History Of Danish Furniture Design Cultural Studies Essay Scandinavia is generally well-known for its design represented by pure and simple lines which is focusing on users needs. Nowadays people generally meet with design from north mainly in IKEA store however this is only one direction which was developed from Scandinavian Modernism with its origin in 1920 as Fiells (2002, pp. 8,16,18) explain. Denmark as one of the Scandinavian country also excels in design and especially in furniture objects. For example name as Arne Jacobsen speaks for success of Danish furniture design from 1950s and 1960s as this period has been so far the most celebrated (Danish Design Centre, 2009) not only among Danes. However does this affirmation automatically leads to a conviction that the same can be asserted about Danish graphic design? It should not be a matter of fact to consider that product design and graphic design are developing the same and therefore they need to be on the same level. These two disciplines are not identical to which heads an attitude that Danish graphic design is in the shadow of Danish furniture design. To advance towards to the design situation in Denmark this work will concentrate on development of these two art disciplines from their beginnings through the contemporary works up to the young artists and companies who supposedly can form the future of the furniture and graphic design in Denmark. 2. HISTORY OF DANISH FURNITURE DESIGN To better understand why Danish product design and specially furniture design became internationally rather well known than the graphic design, in the first following paragraphs will be described certain parts of the history which had an impact on the development of design in Denmark. Furthermore these two areas of design will be firstly analysed separately based on historical consecution which caused future international success or failure of these disciplines. One of the most iconic design from Denmark according to Fiells (2002, p. 30) which brought fame to Danish furniture design is a chair number 3107 created by Arne Jacobsen. However before all of the achievements of this talented man can be enumerated, much more have to be described from the history of Denmark. Fiells (2002, pp. 20,22) indicate that Danish tradition of craftsmanship go down back up to the Viking Age when Danes learned how to process existing materials for producing objects for everyday use. With such deep history of craftsmanship, they were able to learn how to create quality made products. Nevertheless the production of industrial design absolutely began at the end of eighteenth century by foundation of Royal Copenhagen Porcelain Manufactury. During many years Danes were influenced by various elements but the main principles always stayed the same. Function, beauty and good choice of material can be found in almost all designs which were created in Denmark even tens y ears ago. The Authors who are engaged in the theme of Scandinavian design (Fiells, 2002, p. 23; Bhaskaran 2005, p. 168) clarify that all these elements formed in late 1930s art movement Danish Modernism which is a part of Scandinavian Modernism and last up to the present days. 2.1 Kaare Klint Since there are many significant designers in the history of Denmark it is impossible to mentioned all of them. Therefore only the most important names which moved Danish design forward will be presented. As Fiells (2002, p. 352) assert, Kaare Klint was the first furniture designer who accentuated the importance of proportions of human body with a design of chairs. With his students at Royal Danish Academy of Fine Arts in Copenhagen at the furniture department he examined previous styles in order to develop better objects which would satisfied user even more. This different approach towards a process of designing helped him for example to create in 1933 the Deck chair (figure 01). This specific rest chair let to relax head due to added pillow or legs by movable lengthening part. By his unique attitude Klint influenced many of his students and moved Danish furniture design to another level. Furthermore as Fiells (2002, p. 23) emphasise since the days of Kaare Klint the origins of Dani sh and Scandinavian Modernism can be dating. 2.2 Poul Henningson designer of PH lamps In relation to the iconic Danish design objects, the PH lamps (figure 02) need to be involved. PH stands for the name of Poul Henningson who produced during his life more then 100 projects of lights as Fiells (2002, p. 243) indicate. Henningson as Klint also came with new approach, however not to the design of furniture but to the lightning. As Fiells (2002, p. 26) point Poul Henningson demanded a new view to the design. With an invention of light bulb the designer himself argued (Louis Poulsen Lighting, 2008) that not many lamps creator knew how to design pleasant artificial light. Henningson studied stages of the daylight and tried to applied found knowledges to his design of lightening. As Fiells (2002, p. 242) emphasize, Henningson was able to create set of lamps with shadings and coloured edges which did not illuminate the room by direct light. He was one of the first who required to design products for everyday use which can be bought not only by high classes of society in Denm ark but by everyone. Therefore while Klint was producing his furniture in few pieces from each design, Henningson started to manufacture his products massively. As Lauritsen (2004, p. 128) indicates the dark winter in Denmark forced people to use artificial lightning. Because of long dark evenings and affordable prices, it is supposed that PH lamps became very popular among Danes. In addition due to the well-developed concept and modern design, Henningsons lightings became a cult design object which is well-known in Denmark as well as abroad. 2.3 Arne Jacobson the most iconic Danish designer However the designer who brought most fame to the Danish design in general and whose works continue to be produced and sold successfully all over the world was still not mentioned. His name is Arne Jacobsen and as Fiells (2002, p. 296) assert, he is known for being the most famous designer and architecture creating in the middle of the twentieth century in Denmark. In area of architecture according to Byars (1994, p. 277) Jacobsen was inspired by European architects such as Le Corbusier or Ludwig Mies van der Rohe. Due to this influence, in late 1920s he was the first who introduced Functionalism to Denmark by his project House of the future. Nevertheless this was only the beginning of his all achievements. Between the years 1958-1960 Jacobsen was in charge of a construction of SAS Royal Hotel in Copenhagen. But Jacobsen was not responsible for the building only as a architect but also as a designer of interior including furnishing from chairs to door handles. Comparing design of the building with the furniture and other objects which were created mainly for the guest rooms and lobby, Jacobsen succeeded more as a designer then an architect. The building of the hotel (obrazek) is identified by straight lines and cannot be overlooked mainly because of its heigh. Even Jacobsen himself admitted (Republic of Fritz Hansen, 2009) that many people who saw the building did not like its architecture. The furniture with its most famous Swan and Egg (figure 03) chair originally compete to the exterior by rounded lines. Regarding the design of mentioned Egg chair, few literature exploring design of products (Phaidon Design Classics 334-666, 2006, pp. 493,513; Byars, 1994, p. 277) claim that the firs t concept of this chair was resembling to the creation of Norwegian designer Henry Klein. Warning which was sent to Jacobsen need to be taken positively because he was forced to improve the Egg chair with futuristic rounded shapes of shell which made the design timeless. In addition Jacobsen designed also the Swan chair which creates the remaining part of the couple. As Fiells (2002, p. 302) emphasize, these two design objects were not significant only in theÃ hotel lobby and rooms but later on for furniture design generally. However the Swan not even the Egg chairs are still not the most famous. Before Arne Jacobsen started to work on project for SAS he designed the Ant (figure 04) and the Series 7 (figure 05) chairs. The Ant chair which was designed firstly in the year 1952 created big design attention when was introduced to public, as Heaths and Jensen (2000, p. 160) clarify. Moreover in 1955 Jacobsen presented developed version of the Ant chair the Series 7 chair, known also as a chair no. 3107 which Fiells (2002, p. 30) describe as one of the best-selling chairs of all-time, but also one ofÃ the most iconic products of Danish design. With the first fabrication of the Ant chair is engaged aÃ story when Arne Jacobsen came to the front manufacturer Frintz Hansen with aÃ plea for aÃ production of his design. Unfortunately Hansen refused his request because of the high expenses for output. However he would offer him a cooperation but only if Jacobsen found a purchaser for his order. As Bo Rasmus sen (konggullerod, 2006), a factory manager of Fritz Hansen tells, Jacobsen found a costumer with demand after 300 chairs and the production could start. This anecdote clearly shows that behind the success of Jacobsens chairs is not only modern design but also a luck. Another statement pointed by Heaths and Jensen (2000, p. 113) which can clarify the success of the Ant and the Series 7 chair is its lightness and storage ability. This made the product easy to export and helped to spread this furniture out of Denmark and become known internationally. 2.4 Verner Panton designer of one-piece chair The last dominant designer who will be introduced in the next paragraphs, took completely different approach to the design of furniture than all mentioned artists above. Verner Panton, as Dickson (2006, p. 265) indicate, tried to use different materials than wood or leather, for example plastic. He was also avoiding natural colours and rather preferred colours such as red, yellow, purple or blue. As Byars (1994, p. 424) describe, before Panton started to work on many of his psychedelic furniture he was a part of Arne Jacobsens studio where he got a chance to be present in development of many well-known objects such as mentioned Ant chair. As Dickson (2006, p. 267) asserts, although Panton studied in Denmark and was surrounded by its design his gamesome fantasy and admiration for future were reflected in his work so dramatically that no company in Denmark was able to manufacture his projects. Therefore he decided to leave to Switzerland and to cooperate with Vitra company which had necessary technology to produce his most famous Panton Chair (figure 06). This iconic design object was long time in process before it could come to the production in 1967. While this chair was interesting for not having back abutment and for its utilization of a plastic with which there was not much experience, this design was created only from one piece, as Dickson (2006, p. 267) emphasized. These reasons and facts made Panton design world famous and contributed to the larger admiration of Danish product design. 3. HISTORY OF DANISH GRAPHIC DESIGN TILL 1960 In relation to all mentioned famous design products from Denmark, the Danish graphic design history also need to be mentioned to compare achievements of these two areas. 3.1 Thorvald BindesbÃ ¸ll first Danish graphic designer According to Ejlers (1997, pp. 58-59) the first artist who can be signed as a graphic designer was anÃ architect and product designer Thorvald BindesbÃ ¸ll. Number of his works in area of graphic design is not extensive however for the Danish graphic design history there is one work which need to be mentioned. Architect BindesbÃ ¸ll designed a logo and a label for Danish famous beer Carlsberg (figure 07) in 1904. Folkmann (2007) emphasizes that until then most of the graphic works produced in Denmark adapted typefaces mainly from Germany, except for BindesbÃ ¸ll. Although he did not produced much works in area of graphic art he is reputable for the new approach to a design of typefaces. Instead of only accepting offered design from abroad, BindesbÃ ¸ll created new type only for Carlsberg which the company with small changes has been using up to this day. This logo and its designer showed new direction to the Danish graphic design. Nevertheless in the course of several years the solution for Carlsbergs logo can be understood similar to typeface of Coca Cola. Although the typeface of Carlsberg does not appear handwritten as Coca Cola, there still can be found certain resemblance which does not make the logo outstanding for its design in the period when most of the letter design where inspired by a handwriting. Generally people are buying beer for its taste not for the logo itself and this is also a case of Carlsberg. Ejlers (1997, p. 61) himself assumes that graphic works of BindesbÃ ¸ll usually did not follow any typographic rules because he treated letters as pictures. On the other hand he was the only artist among the famous graphic designers of the first half of twentieth century who achieved to created logo which has been in use both nationally and internationally for more than 100 years. 3.2 Architects in graphic design As was mentioned above, the logo was made by artist whose original profession was an architect. In the article by Ejlers (1997, p. 58), the author discusses a subject about graphic works done mainly in the first half of the twentieth century such as street signs, telephone directories, book covers or posters which where mostly created by architects. This reality could be caused by a fact that in Denmark during the first 50 years of twentieth century were no graphic design schools. As was already written, most of the typefaces where applied from German design therefore there was no need to employ graphic artists. When Carlsberg wished to have an original logo the company asked Thorvald BindesbÃ ¸ll however not as an architect but as a graphic designer. Another well known architect and designer Knud V. Engelhart who was creating after BindesbÃ ¸ll were influenced by his few works that he produced in the area of graphic design. Ejlers (1997, p. 62) explains that Engelhardts first work s were affected by BindesbÃ ¸lls ornamental lettering. While later on he was able to develop his own style which can be seen for example on the typeface design of street signs done for north part of Copenhagen. His successor Gunnar Billmann Petersen, who cooperated with Ib Andersen who as well studied at School of Architecture, was also influenced at the beginning by works of his teacher. All these mentioned artists were sharing their experience and were influencing their successors however they created imaginary closed line of graphic designers which could not be often entered by others. This was true till year 1951 as Dickson (2006, p. 485) describes when Billmann Petersen became a professor of the first Department for Industrial design in history of Denmark at Copenhagens Royal Academy of Fine Arts. Students studying under this department were taught to design posters or typefaces as well as products such as lights or cars. More specialization was achieved in 1959 when the department was divided into the Industrial design programme and the first Graphic design programme leaded by already mentioned Billmann Petersen. Opening of this department gave new possibilities to students and to Danish graphic design in general. 3.3 Comparison with Europe However from comparing a foundation of the first Danish Department of Graphic design with for example German Bauhaus explicitly results how late this department was opened. Arntson (2007, p.Ã 32) indicates that the Bauhaus was founded already in 1919 which shows a difference of 40 years. While the Bauhaus was already influencing not only graphic design but also other areas of art in Europe, Denmark was locked in a line of graphic architects creating one by one. On the other hand to point that in Denmark at the beginning of twentieth century was also another name than BindesbÃ ¸ll or Petersen, an artist Valdemar Andersen must be mentioned. As Dickson (2006, p. 497) described, this painter worked also as an illustrator, interior designer or creator of packagings. His art was influenced and inspired mostly by French Art Nouveau which is visible from one of his commercial poster done for the newspapers The Politiken (figure 08) in 1908. His works were ornamental and simply ingenious. The use of colours and decoration elements in Andersens posters makes from him truly artist with feelings for composition. Nevertheless beside the graphic art growing in Europe in the first half of the twentieth century, Danish graphic design was not so courageous. From the works of Danish typeface designers can be remarked that they did not experiment much with the typography such as artist of the Bauhaus or Dadaism. Therefore they were not so remarkable and memorable as for example Guillaume Apollinaire or generally Swiss design. Moreover, if the Danish graphic design history will be compared to the history of Danish furniture design some differences showing backwardness of this art discipline could implicate. When graphic design started to be taught at Royal Academy in Copenhagen in 1959 the furniture design department was already training its students for 35 years. In addition while first students began to form the future of graphic design, Denmark could already be proud of design objects such as PH lamps or Jacobsens Ant chair. Till the year 1959 Denmark was still missing graphic design pieces which could be proudly sent to the international environment. 4. DANISH GRAPHIC DESIGN AFTER 1959 So far the paragraphs above were examining the events from the first half of the twentieth century. To be more precise till the year 1960, except for the Pantone chair which was produced in 1967. During the mentioned period the Danish art of graphic design did not succeed internationally as theÃ furniture products. Most of the iconic furniture design where created around 1950 while graphic design works were still at the beginning of its development. However when the first graphic department was established Danish graphic design expected improvement within this art area by arrival of new talented graphic designers. 4.1 Claus Achton Friss designer of Kingdom of Denmark To see how the graphic design situation has developed or not after the foundation of the first graphic department, the works of current designers will be introduced. The first artist who will be presented is Claus Achton Friss. Even he established his own studio already in 1950, most of his famous works came into being within next 30 years as Ejlers (1997, p. 71) reported. His design is well-known among Danes because most of them were done for the Kingdom of Denmark, for example Queen Margrethes monogram (figure 09) from the year 1976, embassy sign or national arms. As Ejlers also emphasized (1997, pp. 71-72) Friss was exceptional by his solutions of situations when he missed suitable fonts. He designed his own to fit with the client identity therefore Friss left behind a big amount of fonts. To examine the Queens monogram, as it is one of his most significant work, this design will be compared to monogram of the Swedish and British royal family members (figure 10,11). So far as both of the shown Danish and British monograms are for the queens, Frisss design appeals more feminine then another. The elegance in the design of thin lines suits to women generally more than bold letters. However the British solution shows power and hide femininity which can indicate to aÃ vulnerability that is a character incongruous with governance. Overall Friss was able to design suitable projects for Danish kingdom to represent itself with dignity which classified him among reputable Danish designers. 4.2 Ole SÃ ¸ndergaard designer of pictograms and traffic signs If a good artist was determined by number of prizes, Ole SÃ ¸ndergaard would be certainly one of them. Since the 1980 when the IG prizes for Danish graphic designers began to be awarded, from the information given by SchenstrÃ ¸m (2010) Ole SÃ ¸ndergaard has already received six prizes given by Danish Design Centre. Additionally as SÃ ¸ndergaard (Ole SÃ ¸ndergaard, no date) indicates he was awarded by another 7 prices but only one of them from 1992 the European Community Design Prize was international. Considering the time period when he was working on most of his projects the number of awards should be interpreted as a success for SÃ ¸ndergaards works. According to Dickson (2006, pp. 489,496), SÃ ¸ndergaard is known in his home country as a designer of pictograms and road signs which he was creating during the last 10 years of twentieth century. Pictograms and all signs generally need to be simple and understandable therefore most of the SÃ ¸ndergaards works are mainly simplified forms of symbols which were in the use before 1990. However comparing Ole SÃ ¸ndergaards logo design to another graphic designer who was living and creating in the same time but in the different country shows lack of creativity in his works. Jan Solpera is a Czech graphic artist who also studied at university during 1960s as DvoÃâ¦Ã¢â ¢Ã ¡k (2010) affirms. Solpera was designing logos as SÃ ¸ndergaard but on the contrary he participated in projects where he literally played and experimented with typography which is visible from his posters (figure 12). SÃ ¸ndergaard on the other hand created technically clean design however with standard quality ( figure 13) where the creativity which would move his design to another level is missing. 4.3 Per Mollerup designer of Copenhagens airport signs Dickson (2006, p.493) suggests that Per Mollerup is also an important part of Danish graphic design since him with his studio was awarded for the Copenhagens airport signage (figure 14). With projects such as information and navigation systems the emphasis is placed on the user and his easier understanding of symbols rather than on a graphic aspect which is also important however it goes to the second place. While Per Mollerup was designing the airport sign he decided to stay with the proven combination of dark background and light lettering as many other airports (figure 15), in his case black and yellow. Therefore he was able to create simple navigation for travellers passing through Copenhagen airport which has been in use already for 20 years, as Dickson (2006, p.493) indicates. 4.4 Bo Linnemann and Kontrapunkt Another contemporary designer which can compete with Ole SÃ ¸ndergaard by numbers of received awards is Bo Linnemann. Except approximately 12 prizes from Danish Design Centre, Linnemann received also several international as different sources (Danish Faces, 2007; SchenstrÃ ¸m, 2010) show. In comparison with SÃ ¸ndergaard, Bo Linnemann together with two other partners founded about 25 years ago the Kontrapunkt firm. It is a design and brand company which operates not only in Denmark but also in Japan, as the agency (Kontrapunkt, 2010) reports. Graphic works of Kontrapunkt are distinguished mainly by light colours and simplicity of design solutions which make them appeal purely, modern and minimalistic. The best examples which would represent style of the studio are projects of visual identities for Danish chemists (figure 16) or Japanese Tasaki which produced pearl jewellery (figure 17). It is probably because of Danish liking for simplicity that Kontrapunkt is in charge of design for public places such as Billund airport, Movia transfer, Danish Railways or Copenhagens tourist centre where the Danish graphic design is mediated to tourist and foreigners. 4.5 Graphic and furniture design at the end of twentieth century These mentioned designers has been working in graphic area after the first graphic design department at Royal Academy was established. Even they have created larger amount of works than graphic designers from the line of architects, compared to success of furniture designers this art continuously missing the iconic design as appeared in Danish product design in form of Ant chair or PH lamps. Graphic design works are considerably less imaginative, challenging and playful than the furniture design objects. Although all the design is technically well-done the idea for the design solution is in general standard. Awarded graphic designers such as Kontrapunkt, Ole SÃ ¸ndergaard or Per Mollerup, as SchenstrÃ ¸m (2010) reported, were given repetitively the prizes for commercial projects which were limited in area of creativity. These designers were not awarded for creative works which would allowed them express themselves entirely. But for more serious works such as airport or traffic sign s that need to follow given rules. In general from all presented graphic works and designers can be seen that Danes understand graphic design more as a means for a commercial communication rather then an art tool. 5. FUTURE OF DANISH DESIGN Even nowadays, time is passing faster then ever, the Art cannot become iconic over a night. Designers who were designing their works within past 10 years still cannot be fairly appreciated because society needs to evaluate these arts with some time distance. This statement is supported by the fact that Danish Design prizes for graphic design were not awarded right after the establishment of the first graphic department. It toke 20 years when the first graphic design project was given the IG prize as is known (Danish Design Centre, 2008, p.35) because Denmark had a need of time for graphic designers to gain experience. Artist who were presented in the paragraphs before are according to different mentioned sources so far the best of Danish graphic design. However they cannot be equaled to names such as Arne Jacobsen or Verner Panton as their works are not so iconic as works of Danish furniture designers. 5.1 Young Danish graphic designers and studios With arrival of new technologies, forms of graphic design are changing all around the world. From the end of nineteenth century till almost the end of twentieth one of the most powerful medium was a poster, in general prints. Despite of its previous popularity this medium has being supplied by more digital art such as websites or digital panel and it is presumptive that posters will slowly disappeared (BlaÃâ¦Ã ¾ek et al., 2010). Therefore future generation of graphic designers are adapting themselves to the new call in graphic industry. There are many artists who were influenced by the digitalization and now mainly work with popular computer graphic such as Aastrud Sigrid and Bay Thomas (Worldwide graphic design, Scandinavia, 2009, p. 222) as can be seen from examples of their works for Ford (figure 18). Or Stefan Mylleager (Worldwide graphic design, Scandinavia, 2009, p. 223) who creates mainly motion graphic videos (figure 19) and CD covers. Not only these artists but many other s will probably develop this art direction which is due to the internet and other modern technologies, which spread information quickly and everywhere, a matter not only of Denmark but global. However there is another group of artists which creates in different direction. It could be probably caused by the big digital press that some young designers rather based their creations on handwork, usually in illustrations which are afterwards retouched in graphic programs than only on computers. Some of them can be seen in the publication presenting Scandinavian graphic designers (Worldwide graphic design, Scandinavia, 2009, pp.Ã 222-223) such as Ehlers Sune who illustrates his Duudle creatures (figure 20), brothers Rune and Esben Fisker who create animation videos and illustrations (figure 21) or Thoberk Jakob who worked in Spild Af Tid design studio focusing on different kind of media done by animation or illustration. Another young artist Karina Petersen who is mentioned by Devroye (2010) experiments with typography by different forms of expression (figure 22). All these mentioned designers present new view to graphic design either by digital art or illustrations. Nevertheless most of them express themselves more openly and playfully than the generation before which is the approach that Danish graphic design was missing. Moreover nowadays modern era with its technologies helps present artists easier and faster beyond the borders of Denmark. On the other hand they are facing to large competition in which they have to success. 5.2 Future of Danish furniture design The biggest success for Danish design was in 1950s and 1960s but since this time period Danish furniture products have not achieved such popularity. It seams that designers are aware of this situation because as Danish Design Centre (Danish Design Centre, 2009) remarked, within past several years relatively young companies began to introduce new quality products to the market. Hay is one of the firm which realises that Denmark cannot live only from the fame of previous generation but need to continue and develop. As Danish Design Centre (Danish Design Centre, 2008) also indicates, by cooperation with young artists Hay was able to create successful company with creative furniture solutions only within seven years. Their products such as the Blow chair (figure 23) or the Princess chair respects the elements of Danish Modernism as simplicity, importance of good usage of materials, quality technics of production and focus on user. Furthermore they do not only copy existing products howev er they bring something new and original into the Danish design of furniture. 6. CONCLUSION From the beginning of the twentieth century when the line of architects was working on graphic design projects and not even after the first establishment of the graphic design department. Danes have not been able to create graphic art which would become so iconic as furniture products from 1950s and 1960s. Most of the works were technically well made but missed ideas which would create from them better art then only standard. Comparing Danish graphic design works with others from Europe a lack of creativity can be found in their design solutions. This can be caused by working mostly on commercial projects where the creativity is usually limited by instructions and wishes of client. However this cannot be asserted about the furniture design consisted of iconic Ant, Egg or Panton chairs and PH lamps which are admired and well-sold even after 60 years from the day they were created. The Danish modernism, as the furniture design in Denmark is collectively called, is known for the emphasis on function, the use of simple lines, the focus on good choice of materials and quality production. These principles were consider by Arne Jacobsen in 1950s as well as by designers working on chairs for Hay more than 50 years later. And this is the matter which creates Danish furniture design so powerful. 7. REFERENCES Arntson, A.E. (2007) Graphic Design Basics. 5th edn. United States of America: Clark Baxter. Bhaskaran, L. (2005) Designs of the Times. Translated by Jana NovotnÃ ¡. Reprint, Prague: NakladatelstvÃ Slovart s.r.o., 2007. BlaÃâ¦Ã ¾ek, F., BosÃ ¡k, P., Jans, R., NovÃ ¡k, R.V. and Solpera, J. (2010) Role and future of the poster. [Discussion]. 18 November. Byars, M. (ed.) (1994) The design encyclopedia. New York: John Wiley Sins, Inc. Danish Design Centre (2009) Danish Design Past and Present | DDC Dansk Design Centre. Available at: http://en.ddc.dk/article/danish-design-past-and-present (Accessed: 20 October 2010). Danish Design Centre (2008) Hay: Growth via sustainable and innovative design | DDC Dansk Design Centre. Available at: http://en.ddc.dk/case/hay-growth-sustainable-and-innovative-design (Accessed: 20 October 2010). Danish Design Centre (2008) The Danish Des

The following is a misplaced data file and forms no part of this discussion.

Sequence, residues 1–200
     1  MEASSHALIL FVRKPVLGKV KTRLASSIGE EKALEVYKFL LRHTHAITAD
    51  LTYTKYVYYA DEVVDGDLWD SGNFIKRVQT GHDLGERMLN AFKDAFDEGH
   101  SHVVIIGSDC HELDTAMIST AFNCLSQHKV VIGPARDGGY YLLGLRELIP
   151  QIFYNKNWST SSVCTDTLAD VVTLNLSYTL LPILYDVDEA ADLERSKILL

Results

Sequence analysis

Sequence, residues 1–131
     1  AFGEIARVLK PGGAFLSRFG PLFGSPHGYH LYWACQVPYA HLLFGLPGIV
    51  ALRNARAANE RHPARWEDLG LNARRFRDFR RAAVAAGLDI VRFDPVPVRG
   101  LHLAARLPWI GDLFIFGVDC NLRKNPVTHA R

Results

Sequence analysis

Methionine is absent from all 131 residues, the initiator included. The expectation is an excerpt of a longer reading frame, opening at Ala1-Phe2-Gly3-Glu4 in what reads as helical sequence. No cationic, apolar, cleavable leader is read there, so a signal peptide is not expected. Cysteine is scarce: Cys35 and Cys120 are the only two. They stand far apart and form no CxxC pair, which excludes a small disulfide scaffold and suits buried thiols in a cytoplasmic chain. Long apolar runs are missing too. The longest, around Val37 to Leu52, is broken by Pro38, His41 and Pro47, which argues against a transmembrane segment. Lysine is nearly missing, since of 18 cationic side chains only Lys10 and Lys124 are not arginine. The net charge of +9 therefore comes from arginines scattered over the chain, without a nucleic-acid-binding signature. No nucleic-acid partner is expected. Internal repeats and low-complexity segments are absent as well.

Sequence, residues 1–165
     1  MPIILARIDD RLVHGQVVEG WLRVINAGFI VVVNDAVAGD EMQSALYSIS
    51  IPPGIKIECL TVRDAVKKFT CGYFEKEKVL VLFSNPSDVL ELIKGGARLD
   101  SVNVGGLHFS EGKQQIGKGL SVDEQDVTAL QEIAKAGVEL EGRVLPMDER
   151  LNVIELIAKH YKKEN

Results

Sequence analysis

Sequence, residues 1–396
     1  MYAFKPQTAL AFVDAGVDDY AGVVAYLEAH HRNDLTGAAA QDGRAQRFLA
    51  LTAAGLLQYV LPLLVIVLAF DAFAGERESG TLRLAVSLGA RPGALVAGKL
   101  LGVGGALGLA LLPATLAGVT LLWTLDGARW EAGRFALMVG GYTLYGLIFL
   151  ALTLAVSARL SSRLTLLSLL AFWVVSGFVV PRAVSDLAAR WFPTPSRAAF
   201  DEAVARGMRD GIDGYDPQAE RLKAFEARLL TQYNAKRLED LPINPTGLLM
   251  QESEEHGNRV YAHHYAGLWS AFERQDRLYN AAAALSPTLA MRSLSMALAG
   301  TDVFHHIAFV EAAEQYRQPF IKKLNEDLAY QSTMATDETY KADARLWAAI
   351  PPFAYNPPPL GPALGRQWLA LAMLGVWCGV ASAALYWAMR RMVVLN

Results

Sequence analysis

Wednesday, November 13, 2019